“Con­gress should be tapped to give FDA the lat­i­tude to look at the sci­ence nec­es­sary to make com­fort­able and re­li­able de­ter­mi­na­tions,” he wrote in a col­umn for Forbes back in 2015. Com­mis­sion­er Got­tlieb work­ing with the Trump ad­min­is­tra­tion and bi­par­ti­san sup­port­ers in Con­gress could make short work of this.

Got­tlieb has said in the past that leg­is­la­tion is need­ed, but an ag­gres­sive com­mis­sion­er could go a long way to clear­ing the path for com­plex gener­ics. So look for some quick, broad guid­ance that would give de­vel­op­ers a clear reg­u­la­to­ry path for the class, toss­ing aside the more cum­ber­some case-by-case method that has been in use — of­ten long af­ter these ri­vals could have made it to the mar­ket.

The ad­van­tage here is that Got­tlieb could have a dra­mat­ic im­pact in a short pe­ri­od, point­ing to an ac­com­plish­ment that would earn a lot of sup­port from the pub­lic as well as law­mak­ers — even as in­di­vid­ual drug­mak­ers try to qui­et­ly spear any such threat to their own block­busters. Just pick­ing off the top 10 com­plex gener­ics would re­duce costs by bil­lions, ush­er­ing in new com­pe­ti­tion.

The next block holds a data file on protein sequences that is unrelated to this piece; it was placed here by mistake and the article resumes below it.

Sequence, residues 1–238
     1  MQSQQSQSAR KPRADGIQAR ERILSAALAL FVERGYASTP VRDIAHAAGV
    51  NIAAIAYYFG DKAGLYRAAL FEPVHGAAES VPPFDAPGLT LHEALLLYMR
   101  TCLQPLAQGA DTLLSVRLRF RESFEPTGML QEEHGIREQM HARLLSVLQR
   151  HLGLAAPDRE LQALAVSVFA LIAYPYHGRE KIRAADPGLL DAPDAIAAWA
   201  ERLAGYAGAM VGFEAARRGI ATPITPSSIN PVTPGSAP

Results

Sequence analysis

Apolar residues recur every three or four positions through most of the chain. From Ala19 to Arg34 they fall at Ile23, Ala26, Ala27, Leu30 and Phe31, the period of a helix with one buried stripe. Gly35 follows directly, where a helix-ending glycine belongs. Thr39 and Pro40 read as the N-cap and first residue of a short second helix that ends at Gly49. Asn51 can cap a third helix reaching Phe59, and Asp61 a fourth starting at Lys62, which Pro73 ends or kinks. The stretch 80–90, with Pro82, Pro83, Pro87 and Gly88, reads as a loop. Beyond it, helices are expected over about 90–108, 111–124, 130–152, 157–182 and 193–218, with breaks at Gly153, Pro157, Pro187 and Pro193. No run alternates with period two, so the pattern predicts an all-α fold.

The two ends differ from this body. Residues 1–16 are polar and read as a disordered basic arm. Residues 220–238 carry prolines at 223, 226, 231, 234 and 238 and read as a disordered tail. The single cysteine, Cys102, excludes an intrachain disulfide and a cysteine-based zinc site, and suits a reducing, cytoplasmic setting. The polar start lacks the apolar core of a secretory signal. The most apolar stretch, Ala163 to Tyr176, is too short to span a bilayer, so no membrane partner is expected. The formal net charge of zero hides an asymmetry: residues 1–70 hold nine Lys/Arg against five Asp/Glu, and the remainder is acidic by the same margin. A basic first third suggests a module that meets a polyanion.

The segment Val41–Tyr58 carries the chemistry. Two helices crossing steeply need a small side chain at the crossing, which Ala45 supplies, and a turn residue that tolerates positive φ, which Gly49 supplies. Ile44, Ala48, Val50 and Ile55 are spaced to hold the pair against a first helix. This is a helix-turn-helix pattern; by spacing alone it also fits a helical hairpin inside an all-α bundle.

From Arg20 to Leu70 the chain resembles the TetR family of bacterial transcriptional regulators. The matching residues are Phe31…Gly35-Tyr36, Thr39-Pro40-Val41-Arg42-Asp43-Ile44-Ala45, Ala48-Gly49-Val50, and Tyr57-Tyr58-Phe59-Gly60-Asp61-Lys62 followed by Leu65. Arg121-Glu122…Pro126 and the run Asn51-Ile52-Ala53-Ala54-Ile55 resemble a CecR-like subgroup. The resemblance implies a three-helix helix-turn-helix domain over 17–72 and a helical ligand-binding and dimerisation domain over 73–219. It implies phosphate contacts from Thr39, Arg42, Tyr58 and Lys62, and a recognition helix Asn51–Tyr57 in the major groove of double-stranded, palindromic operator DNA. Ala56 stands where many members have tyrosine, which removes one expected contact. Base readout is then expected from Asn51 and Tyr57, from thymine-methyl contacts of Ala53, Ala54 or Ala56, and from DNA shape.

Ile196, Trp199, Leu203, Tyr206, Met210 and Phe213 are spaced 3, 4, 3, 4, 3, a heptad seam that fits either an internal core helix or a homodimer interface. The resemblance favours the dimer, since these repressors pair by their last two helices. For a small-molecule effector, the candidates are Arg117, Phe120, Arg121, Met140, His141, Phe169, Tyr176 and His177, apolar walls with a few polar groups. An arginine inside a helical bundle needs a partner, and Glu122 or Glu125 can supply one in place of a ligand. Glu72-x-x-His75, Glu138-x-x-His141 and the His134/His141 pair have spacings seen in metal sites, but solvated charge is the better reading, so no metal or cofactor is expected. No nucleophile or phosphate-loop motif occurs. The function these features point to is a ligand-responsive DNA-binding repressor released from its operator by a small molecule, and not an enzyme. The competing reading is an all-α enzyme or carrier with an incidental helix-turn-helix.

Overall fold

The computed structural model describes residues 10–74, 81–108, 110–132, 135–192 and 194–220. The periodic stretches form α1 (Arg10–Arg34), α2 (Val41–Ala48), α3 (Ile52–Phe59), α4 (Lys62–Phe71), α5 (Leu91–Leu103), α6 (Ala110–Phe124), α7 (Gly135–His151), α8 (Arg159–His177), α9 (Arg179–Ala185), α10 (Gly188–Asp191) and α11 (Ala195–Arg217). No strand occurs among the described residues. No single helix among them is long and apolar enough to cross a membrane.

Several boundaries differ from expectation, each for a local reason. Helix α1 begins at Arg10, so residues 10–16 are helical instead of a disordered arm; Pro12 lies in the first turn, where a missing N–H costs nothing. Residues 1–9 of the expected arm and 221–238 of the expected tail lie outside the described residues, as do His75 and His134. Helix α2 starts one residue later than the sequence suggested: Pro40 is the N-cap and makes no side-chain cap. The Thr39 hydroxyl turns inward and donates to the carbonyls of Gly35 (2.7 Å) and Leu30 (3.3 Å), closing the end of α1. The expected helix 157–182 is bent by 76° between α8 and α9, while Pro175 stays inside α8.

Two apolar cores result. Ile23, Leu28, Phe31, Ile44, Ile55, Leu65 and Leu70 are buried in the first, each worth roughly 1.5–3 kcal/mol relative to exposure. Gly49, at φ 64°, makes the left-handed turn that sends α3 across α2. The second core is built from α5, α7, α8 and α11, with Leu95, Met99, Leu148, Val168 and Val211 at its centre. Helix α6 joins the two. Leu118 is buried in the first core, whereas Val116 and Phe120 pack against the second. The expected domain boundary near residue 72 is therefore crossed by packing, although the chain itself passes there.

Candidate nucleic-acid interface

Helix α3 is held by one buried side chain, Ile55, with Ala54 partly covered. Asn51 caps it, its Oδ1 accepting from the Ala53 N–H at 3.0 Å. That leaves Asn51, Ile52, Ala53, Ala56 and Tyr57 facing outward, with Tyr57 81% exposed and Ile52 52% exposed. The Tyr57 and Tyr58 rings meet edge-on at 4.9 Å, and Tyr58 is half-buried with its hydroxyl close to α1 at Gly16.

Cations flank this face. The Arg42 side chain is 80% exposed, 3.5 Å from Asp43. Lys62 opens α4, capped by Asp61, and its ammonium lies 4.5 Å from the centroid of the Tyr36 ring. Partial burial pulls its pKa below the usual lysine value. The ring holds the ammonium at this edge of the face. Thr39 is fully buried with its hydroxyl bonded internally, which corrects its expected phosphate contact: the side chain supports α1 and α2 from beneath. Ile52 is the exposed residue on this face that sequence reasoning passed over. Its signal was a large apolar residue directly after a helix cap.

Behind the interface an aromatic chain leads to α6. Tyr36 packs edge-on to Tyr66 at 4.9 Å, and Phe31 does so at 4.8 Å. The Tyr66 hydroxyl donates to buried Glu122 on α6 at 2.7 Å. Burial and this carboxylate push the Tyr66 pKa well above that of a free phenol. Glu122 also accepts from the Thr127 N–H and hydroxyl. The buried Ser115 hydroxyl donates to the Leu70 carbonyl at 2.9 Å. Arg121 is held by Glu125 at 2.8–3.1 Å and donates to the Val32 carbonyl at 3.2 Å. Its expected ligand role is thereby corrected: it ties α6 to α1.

Chang­ing the rules on com­plex gener­ics to fa­cil­i­tate ap­provals while go­ing af­ter the back­log in gener­ics in gen­er­al will re­quire the agency to at least fill its emp­ty po­si­tions. That will re­quire an ear­ly ex­cep­tion to the pres­i­dent’s hir­ing freeze.

Get with the BTD pro­gram

Got­tlieb has been an un­abashed ad­mir­er of what FDA can­cer czar Rick Paz­dur has ac­com­plished with the break­through ther­a­py des­ig­na­tion when it comes to new can­cer drug ap­provals. On­col­o­gy R&D has been trans­formed over the past three years. De­vel­op­ment time­lines have been stream­lined and cut, in some cas­es by years, as reg­u­la­tors took a more flex­i­ble ap­proach to as­sess­ing da­ta and med­ical needs for dy­ing pa­tients.

But he isn’t at all sat­is­fied that the en­tire agency has got­ten with the BTD pro­gram. And he’s like­ly to ad­dress that quick­ly, putting in a team of reg­u­la­tors tasked with ramp­ing up the re­view process in spe­cif­ic di­vi­sions that have lagged be­hind.